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What's the answer in Afghanistan?

September 10, 2009

Re "Is Obama 'all in' on Afghanistan?" Opinion, Sept. 7, "Afghanistan isn't Vietnam -- yet," Opinion, Sept. 6, and "Shedding armor to win the battle," Sept. 6

The wise doubts that Andrew J. Bacevich raises regarding the impending U.S. escalation in that tragic country of Afghanistan are right on target.

As with all historical empires, our policymakers blend a toxic mixture of arrogance and ignorance in the formulation of foreign affairs. The result: the disasters of Vietnam and Iraq.

It is now time for our citizens of all political stripes to reassess the role of this country in the world. Our Founding Fathers would have been appalled to see that in 2009, we have become the world's hyperpower. That's not why they fought a revolution.

Bob Teigan

Santa Susana


Your front-page article on Afghanistan quotes Navy SEAL Cmdr. Jeff Eggers in comparing the U.S. invasion of Afghanistan with the Soviet war from 1979 to 1989: "We are not the Soviets, not by a long shot." Eggers wasn't talking about the length of each "mission," but one really can't avoid the stubborn fact that in two years, the U.S. will have been at war in Afghanistan as long as the Soviet Union: 10 years.

That's uncomfortably Soviet-like and not such a long shot after all.

Bill Clifton



With regard to Bacevich's opinion article on President Obama and Afghanistan, I think that even though we know the answers to most of his questions, they are not the right questions.

The problem is not the country of Afghanistan but simply that the land on which Afghanistan sits is used by jihadis to live on and to kill.

To me, the only question should be: What is the best way to get rid of terrorists living and killing in Afghanistan? I think that the answer -- a cold but very reasonable answer for the United States -- is simply: drones.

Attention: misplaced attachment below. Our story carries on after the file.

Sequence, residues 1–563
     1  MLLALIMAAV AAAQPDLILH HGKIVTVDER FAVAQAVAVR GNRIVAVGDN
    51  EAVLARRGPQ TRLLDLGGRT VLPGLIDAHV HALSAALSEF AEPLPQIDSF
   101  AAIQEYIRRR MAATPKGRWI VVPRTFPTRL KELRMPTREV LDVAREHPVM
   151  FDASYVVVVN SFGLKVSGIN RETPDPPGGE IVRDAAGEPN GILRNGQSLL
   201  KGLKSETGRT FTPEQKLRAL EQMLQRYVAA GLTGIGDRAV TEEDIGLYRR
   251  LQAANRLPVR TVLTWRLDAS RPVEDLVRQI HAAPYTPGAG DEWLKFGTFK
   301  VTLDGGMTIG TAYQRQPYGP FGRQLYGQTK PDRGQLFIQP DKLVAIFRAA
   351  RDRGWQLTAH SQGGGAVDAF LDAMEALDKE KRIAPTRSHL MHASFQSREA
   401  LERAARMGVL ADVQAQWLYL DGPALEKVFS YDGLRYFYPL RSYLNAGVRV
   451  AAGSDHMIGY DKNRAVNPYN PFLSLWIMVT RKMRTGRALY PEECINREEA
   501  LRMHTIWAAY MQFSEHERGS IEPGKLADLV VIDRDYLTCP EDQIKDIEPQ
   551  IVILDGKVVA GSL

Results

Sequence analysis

The fact that civilians will be killed with drones does not alter the fact that thousands of Middle Eastern civilians have been killed in this war without drones.

I hope that other countries will also realize that drones are the right kind of weapons to use on terrorists who are willing to die while killing infidels and who are often acting as individuals.

David Burkenroad

Los Angeles


Bacevich says the president needs to reassure us that, among other points, "Afghanistan constitutes a vital national security interest. " I have to ask: How?

Along with millions of others in this country, I seriously need to know in exacting detail how the dots leading us into more terribly bloody, maiming and outrageously expensive warfare in Afghanistan connect to us here at home?

And until we are carefully and convincingly apprised of that connection, the amount of expense or our military/diplomatic capabilities there mean nothing to me. The vague, ubiquitous world enemy called "Taliban" doesn't do it for me.

Need it be recalled that weapons of mass destruction were the bogus rationale for Iraq?

Jim Gould



I voted for Obama mainly in protest against President Bush's Iraq war. Now I feel betrayed.

Obama seems to be choosing to expand our folly by a major increase in troops in Afghanistan. We have no discernible reason to be there.

Let's bring our troops home and concentrate on solving the many problems facing our own country.

Eleanor Heyman

Hesperia, Calif.


It's quite remarkable for a professor of history to remark that "history has no relevant lessons to teach" regarding Afghanistan.

The Soviet Union spent 10 years in Afghanistan; in two years we will have been there that long too. What have we achieved? What are we trying to achieve? Are we winning? What are we winning? These are valid questions.

Considering all the gang warfare locally and all the meth labs in the desert that we can't control on our home turf, it is stunning to continue to delude ourselves into thinking we can "win" against insurgents who are quite at home on very hostile terrain.

Afghan insurgents humbled the Soviet superpower; are they doing the same to the remaining superpower? We need to get out of Afghanistan now.

Dean Chantiles

Palm Springs


Doyle McManus summarizes the Afghanistan war and compares it to Vietnam. He says the Department of Defense will request 18 more months to decide if the war is winnable.

Recent reports from the front include:

The situation is deteriorating after eight years of deaths. We support the local government but suspect it to be corrupt and incompetent. They had an election, but we don't know for sure who won.

Richard Holbrooke says we need more U.S. civilian officials. The generals are not sure whether U.S. troops under attack in Humvees should speed up or slow down. Afghanistan is a different culture. We don't need 18 more months. Everyone knows the answer.

Ray J. Heaney

Fountain Valley

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